A scholar in 20th century American history, Nancy Weiss Malkiel came to Princeton as an assistant professor in 1969 after earning her Ph.D. at Harvard University, was promoted to associate professor in 1975 and to full professor in 1982. She received a B.A. (1965) and an honorary degree (1997) from Smith College.
Professor Malkiel's principal publications (as Nancy J. Weiss) include Whitney M. Young, Jr., and the Struggle for Civil Rights (Princeton University Press, 1989), Farewell to the Party of Lincoln: Black Politics in the Age of FDR (Princeton University Press, 1983), and The National Urban League, 1910-1940 (Oxford University Press, 1974).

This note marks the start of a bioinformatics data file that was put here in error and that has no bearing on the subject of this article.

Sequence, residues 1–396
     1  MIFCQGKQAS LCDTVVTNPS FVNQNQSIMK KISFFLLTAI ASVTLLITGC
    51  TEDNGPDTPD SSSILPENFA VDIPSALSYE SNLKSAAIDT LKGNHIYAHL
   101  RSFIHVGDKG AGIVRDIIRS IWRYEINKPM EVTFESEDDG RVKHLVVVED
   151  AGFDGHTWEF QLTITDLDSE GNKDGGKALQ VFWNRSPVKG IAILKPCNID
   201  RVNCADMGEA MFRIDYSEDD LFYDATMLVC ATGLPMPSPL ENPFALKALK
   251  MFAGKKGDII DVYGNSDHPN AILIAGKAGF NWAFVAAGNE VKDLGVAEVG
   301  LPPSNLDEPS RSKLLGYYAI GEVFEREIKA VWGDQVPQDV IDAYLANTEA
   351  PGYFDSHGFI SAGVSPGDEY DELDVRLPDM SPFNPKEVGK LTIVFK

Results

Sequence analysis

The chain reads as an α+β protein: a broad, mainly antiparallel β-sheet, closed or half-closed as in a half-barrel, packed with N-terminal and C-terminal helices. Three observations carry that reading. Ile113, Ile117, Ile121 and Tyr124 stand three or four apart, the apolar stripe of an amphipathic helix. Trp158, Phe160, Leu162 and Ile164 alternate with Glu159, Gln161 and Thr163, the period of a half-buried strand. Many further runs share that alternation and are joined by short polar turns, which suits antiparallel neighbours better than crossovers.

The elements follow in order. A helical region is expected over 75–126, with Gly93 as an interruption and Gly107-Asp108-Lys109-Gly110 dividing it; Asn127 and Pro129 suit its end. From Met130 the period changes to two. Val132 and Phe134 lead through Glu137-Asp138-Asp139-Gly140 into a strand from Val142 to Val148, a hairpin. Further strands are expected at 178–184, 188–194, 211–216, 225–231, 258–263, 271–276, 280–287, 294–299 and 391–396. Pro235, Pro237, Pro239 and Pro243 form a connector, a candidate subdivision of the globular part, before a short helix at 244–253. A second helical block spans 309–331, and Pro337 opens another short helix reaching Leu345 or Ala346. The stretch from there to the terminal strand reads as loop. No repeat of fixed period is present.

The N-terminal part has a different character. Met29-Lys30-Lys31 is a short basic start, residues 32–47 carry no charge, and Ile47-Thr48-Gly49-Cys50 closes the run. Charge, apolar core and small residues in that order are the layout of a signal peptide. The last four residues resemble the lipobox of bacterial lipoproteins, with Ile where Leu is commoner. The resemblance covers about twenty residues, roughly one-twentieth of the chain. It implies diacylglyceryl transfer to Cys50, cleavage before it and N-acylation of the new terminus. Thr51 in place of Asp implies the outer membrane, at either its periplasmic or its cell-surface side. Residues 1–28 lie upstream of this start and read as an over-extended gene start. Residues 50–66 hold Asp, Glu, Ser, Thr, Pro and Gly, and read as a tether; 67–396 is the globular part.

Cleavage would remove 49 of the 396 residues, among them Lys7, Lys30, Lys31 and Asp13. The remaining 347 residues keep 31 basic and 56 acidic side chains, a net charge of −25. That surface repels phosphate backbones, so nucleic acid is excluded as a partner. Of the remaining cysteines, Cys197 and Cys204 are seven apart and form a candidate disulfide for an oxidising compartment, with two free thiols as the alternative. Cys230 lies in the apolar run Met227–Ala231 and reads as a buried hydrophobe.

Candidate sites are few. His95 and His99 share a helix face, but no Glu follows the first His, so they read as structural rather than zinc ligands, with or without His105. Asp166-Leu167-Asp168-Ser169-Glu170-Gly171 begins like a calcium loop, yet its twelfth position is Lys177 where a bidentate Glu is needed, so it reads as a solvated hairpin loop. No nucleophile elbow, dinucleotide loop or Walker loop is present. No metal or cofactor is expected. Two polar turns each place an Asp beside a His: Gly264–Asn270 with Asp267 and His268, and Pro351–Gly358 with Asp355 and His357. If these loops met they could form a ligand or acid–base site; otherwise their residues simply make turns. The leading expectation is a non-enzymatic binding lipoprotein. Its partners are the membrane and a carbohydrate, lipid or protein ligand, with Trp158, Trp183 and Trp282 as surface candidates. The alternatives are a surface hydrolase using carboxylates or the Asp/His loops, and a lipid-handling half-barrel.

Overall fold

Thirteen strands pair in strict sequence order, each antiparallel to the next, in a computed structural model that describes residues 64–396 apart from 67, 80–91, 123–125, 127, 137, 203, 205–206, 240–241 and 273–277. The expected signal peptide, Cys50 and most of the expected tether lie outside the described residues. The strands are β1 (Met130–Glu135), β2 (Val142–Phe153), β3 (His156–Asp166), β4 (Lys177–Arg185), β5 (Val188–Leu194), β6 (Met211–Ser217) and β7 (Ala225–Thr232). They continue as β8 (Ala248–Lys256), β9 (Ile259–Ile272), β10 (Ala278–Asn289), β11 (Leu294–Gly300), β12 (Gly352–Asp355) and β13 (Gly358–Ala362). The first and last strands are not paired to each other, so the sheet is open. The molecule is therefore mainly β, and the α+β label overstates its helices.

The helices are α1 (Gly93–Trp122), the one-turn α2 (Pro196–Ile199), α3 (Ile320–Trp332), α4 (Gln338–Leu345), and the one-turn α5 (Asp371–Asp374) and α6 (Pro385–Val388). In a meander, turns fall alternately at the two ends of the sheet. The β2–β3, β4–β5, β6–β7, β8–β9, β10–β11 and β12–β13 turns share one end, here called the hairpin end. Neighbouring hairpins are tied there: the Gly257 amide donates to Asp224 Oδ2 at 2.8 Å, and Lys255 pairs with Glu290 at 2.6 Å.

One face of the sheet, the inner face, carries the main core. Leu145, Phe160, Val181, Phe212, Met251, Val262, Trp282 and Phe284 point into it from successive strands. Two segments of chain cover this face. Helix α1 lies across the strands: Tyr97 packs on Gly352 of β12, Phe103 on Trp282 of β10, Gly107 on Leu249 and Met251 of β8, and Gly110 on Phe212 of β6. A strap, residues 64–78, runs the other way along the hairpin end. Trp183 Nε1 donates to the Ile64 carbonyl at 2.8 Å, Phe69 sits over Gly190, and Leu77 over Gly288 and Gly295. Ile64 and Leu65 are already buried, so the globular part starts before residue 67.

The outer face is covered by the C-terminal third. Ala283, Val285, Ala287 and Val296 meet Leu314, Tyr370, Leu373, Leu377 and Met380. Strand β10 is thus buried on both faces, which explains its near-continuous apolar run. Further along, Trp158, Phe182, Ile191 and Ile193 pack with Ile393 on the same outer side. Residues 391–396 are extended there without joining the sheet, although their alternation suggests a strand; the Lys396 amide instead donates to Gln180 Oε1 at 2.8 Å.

Her current research focuses on the decisions for coeducation at elite colleges and universities in the United States and the United Kingdom from 1969- the mid-1970s.
From 1987 to 2011, Professor Malkiel served as Dean of the College, the senior officer responsible for Princeton's undergraduate academic program. All matters relating to the curriculum, academic advising, academic regulations, and scholastic standing fell under her aegis. As Dean, she also had oversight responsibility for the offices of Admission, the Registrar, Undergraduate Financial Aid, and Teacher Preparation, as well as for the Princeton Writing Program, the McGraw Center for Teaching and Learning, and the residential colleges.
From 1982 to 1986, Professor Malkiel served as the founding master of Dean Mathey College, one of Princeton’s six residential colleges.
Professor Malkiel is a trustee of the Woodrow Wilson National Fellowship Foundation and a commissioner of the Middle States Commission on Higher Education.